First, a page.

As I sat on the ground telling myself how stupid I was, I switched my attention to see what the numerous Parisians who had DEFINITELY seen me fall over were going to do. Would they rush to my aid? Would they appear concerned for my well being? Would they point and laugh? Turns out they did none of the above and instead pretended they hadn’t even seen me. As I stood up and wobbled my way over to a bench to sit down, a man who would have had a very clear view of my tumble, did everything possible to avoid eye contact with me. A group of men who were a few metres away looked at me at first but then turned their backs to avoid any sort of involvement.

I am 100 per cent certain that if I had been in Australia someone would have come to see if I was ok. As I sat there thinking, “I want my Mum” I hoped someone would come to my rescue and offer to drive me home. But no. Nothing. Not even a glance. Not even a furrowed brow of concern. Not even a “Ca va?”. Nothing.

So! As I sit here unable to bend my knees and thinking about all of the metro stairs I have to climb today, I would like to give a big high five to Australian comradeship and a big BOOOOOO to Parisian “If I stop and help her she might ask me for money”ness.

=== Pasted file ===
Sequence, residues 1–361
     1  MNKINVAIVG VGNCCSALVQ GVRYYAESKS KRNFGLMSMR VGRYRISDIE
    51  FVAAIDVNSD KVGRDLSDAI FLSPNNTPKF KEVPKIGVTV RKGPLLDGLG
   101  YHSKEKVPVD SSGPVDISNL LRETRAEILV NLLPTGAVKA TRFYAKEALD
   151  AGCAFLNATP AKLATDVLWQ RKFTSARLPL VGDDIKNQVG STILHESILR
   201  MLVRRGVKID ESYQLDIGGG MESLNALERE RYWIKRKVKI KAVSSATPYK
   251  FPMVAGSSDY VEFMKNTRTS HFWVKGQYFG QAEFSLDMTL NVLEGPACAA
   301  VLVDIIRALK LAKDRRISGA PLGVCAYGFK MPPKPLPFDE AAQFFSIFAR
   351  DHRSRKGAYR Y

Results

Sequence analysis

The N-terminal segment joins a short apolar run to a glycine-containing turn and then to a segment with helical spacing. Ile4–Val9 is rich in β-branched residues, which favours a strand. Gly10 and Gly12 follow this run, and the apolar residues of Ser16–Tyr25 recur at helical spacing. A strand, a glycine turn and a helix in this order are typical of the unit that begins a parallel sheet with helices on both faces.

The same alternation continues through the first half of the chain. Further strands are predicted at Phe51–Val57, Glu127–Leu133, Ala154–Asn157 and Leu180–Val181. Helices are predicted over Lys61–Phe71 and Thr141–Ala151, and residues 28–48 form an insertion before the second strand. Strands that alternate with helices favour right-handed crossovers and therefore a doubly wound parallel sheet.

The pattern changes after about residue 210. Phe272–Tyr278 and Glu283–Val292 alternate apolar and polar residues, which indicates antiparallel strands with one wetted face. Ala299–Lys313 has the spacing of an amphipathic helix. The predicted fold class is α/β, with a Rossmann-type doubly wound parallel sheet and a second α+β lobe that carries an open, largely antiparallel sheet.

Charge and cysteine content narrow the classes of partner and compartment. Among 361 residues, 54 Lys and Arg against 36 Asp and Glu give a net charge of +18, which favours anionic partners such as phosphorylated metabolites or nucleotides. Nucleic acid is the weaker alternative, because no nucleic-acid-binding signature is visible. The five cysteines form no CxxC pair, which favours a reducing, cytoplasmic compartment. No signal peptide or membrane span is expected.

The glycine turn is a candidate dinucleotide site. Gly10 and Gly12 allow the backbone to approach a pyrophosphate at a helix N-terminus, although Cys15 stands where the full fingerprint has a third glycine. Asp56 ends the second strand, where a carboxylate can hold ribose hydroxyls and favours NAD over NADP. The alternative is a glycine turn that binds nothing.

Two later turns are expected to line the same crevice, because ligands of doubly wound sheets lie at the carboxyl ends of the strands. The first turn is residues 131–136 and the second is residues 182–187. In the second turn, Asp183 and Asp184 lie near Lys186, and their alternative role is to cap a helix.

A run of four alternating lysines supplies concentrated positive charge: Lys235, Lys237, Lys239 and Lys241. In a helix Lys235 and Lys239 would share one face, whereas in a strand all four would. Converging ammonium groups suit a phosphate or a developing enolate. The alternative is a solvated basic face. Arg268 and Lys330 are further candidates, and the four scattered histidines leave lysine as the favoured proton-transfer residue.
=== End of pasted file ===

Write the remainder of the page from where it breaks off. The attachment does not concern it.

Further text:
That said, after a little rest I was completely fine and managed to run the rest of the way home BUT for a moment there it was the end of the world as I knew it.

Before the Paris Sun

Thursday, October 13th, 2011

I have never had that much trouble getting up in the mornings. I am a morning person rather than night – after 9.30pm I am useless, often grumpy and I generally want to be in my pyjamas with a cup of tea and a good book. However, since coming back from Portugal things have changed.

Most mornings my alarm goes off at 7.15am (so not even THAT early) and I go for a run along the canal. During summer this is the perfect time to be out as there is a beautiful golden sun glow on the canal water and most Parisians are lazy and sleep in so it is nice and quiet. This morning when my alarm went off I thought it was a joke. It was pitch black. Even after waiting an extra 15 minutes in the hope that there was just a very thick cloud covering the sun it was still dark. No sun at all.